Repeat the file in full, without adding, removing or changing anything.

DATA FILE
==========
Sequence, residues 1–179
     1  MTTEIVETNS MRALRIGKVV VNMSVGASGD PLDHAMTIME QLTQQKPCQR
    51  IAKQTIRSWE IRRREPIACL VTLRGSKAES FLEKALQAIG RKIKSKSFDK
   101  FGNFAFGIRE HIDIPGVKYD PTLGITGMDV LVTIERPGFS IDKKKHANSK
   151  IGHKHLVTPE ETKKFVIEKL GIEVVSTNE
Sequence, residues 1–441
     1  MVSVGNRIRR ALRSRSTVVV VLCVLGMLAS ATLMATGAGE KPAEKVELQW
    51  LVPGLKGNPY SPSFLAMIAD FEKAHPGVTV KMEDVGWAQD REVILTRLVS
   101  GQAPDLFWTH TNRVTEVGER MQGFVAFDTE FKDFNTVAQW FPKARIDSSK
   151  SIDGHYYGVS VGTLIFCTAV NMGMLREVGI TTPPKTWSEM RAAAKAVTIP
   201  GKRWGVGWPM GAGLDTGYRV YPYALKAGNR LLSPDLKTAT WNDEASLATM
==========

Sequence, residues 1–179
     1  MTTEIVETNS MRALRIGKVV VNMSVGASGD PLDHAMTIME QLTQQKPCQR
    51  IAKQTIRSWE IRRREPIACL VTLRGSKAES FLEKALQAIG RKIKSKSFDK
   101  FGNFAFGIRE HIDIPGVKYD PTLGITGMDV LVTIERPGFS IDKKKHANSK
   151  IGHKHLVTPE ETKKFVIEKL GIEVVSTNE
Sequence, residues 1–441
     1  MVSVGNRIRR ALRSRSTVVV VLCVLGMLAS ATLMATGAGE KPAEKVELQW
    51  LVPGLKGNPY SPSFLAMIAD FEKAHPGVTV KMEDVGWAQD REVILTRLVS
   101  GQAPDLFWTH TNRVTEVGER MQGFVAFDTE FKDFNTVAQW FPKARIDSSK
   151  SIDGHYYGVS VGTLIFCTAV NMGMLREVGI TTPPKTWSEM RAAAKAVTIP
   201  GKRWGVGWPM GAGLDTGYRV YPYALKAGNR LLSPDLKTAT WNDEASLATM